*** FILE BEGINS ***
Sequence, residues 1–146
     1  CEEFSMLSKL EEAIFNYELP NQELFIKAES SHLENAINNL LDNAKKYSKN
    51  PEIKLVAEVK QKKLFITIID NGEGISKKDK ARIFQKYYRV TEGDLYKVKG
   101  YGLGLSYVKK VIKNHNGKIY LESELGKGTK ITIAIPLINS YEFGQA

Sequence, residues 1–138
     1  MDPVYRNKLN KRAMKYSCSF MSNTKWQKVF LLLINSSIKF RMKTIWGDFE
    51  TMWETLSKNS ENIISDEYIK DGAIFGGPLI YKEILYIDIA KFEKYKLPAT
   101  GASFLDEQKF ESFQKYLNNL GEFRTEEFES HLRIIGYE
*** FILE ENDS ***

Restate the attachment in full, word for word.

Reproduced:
Sequence, residues 1–146
     1  CEEFSMLSKL EEAIFNYELP NQELFIKAES SHLENAINNL LDNAKKYSKN
    51  PEIKLVAEVK QKKLFITIID NGEGISKKDK ARIFQKYYRV TEGDLYKVKG
   101  YGLGLSYVKK VIKNHNGKIY LESELGKGTK ITIAIPLINS YEFGQA

Sequence, residues 1–138
     1  MDPVYRNKLN KRAMKYSCSF MSNTKWQKVF LLLINSSIKF RMKTIWGDFE
    51  TMWETLSKNS ENIISDEYIK DGAIFGGPLI YKEILYIDIA KFEKYKLPAT
   101  GASFLDEQKF ESFQKYLNNL GEFRTEEFES HLRIIGYE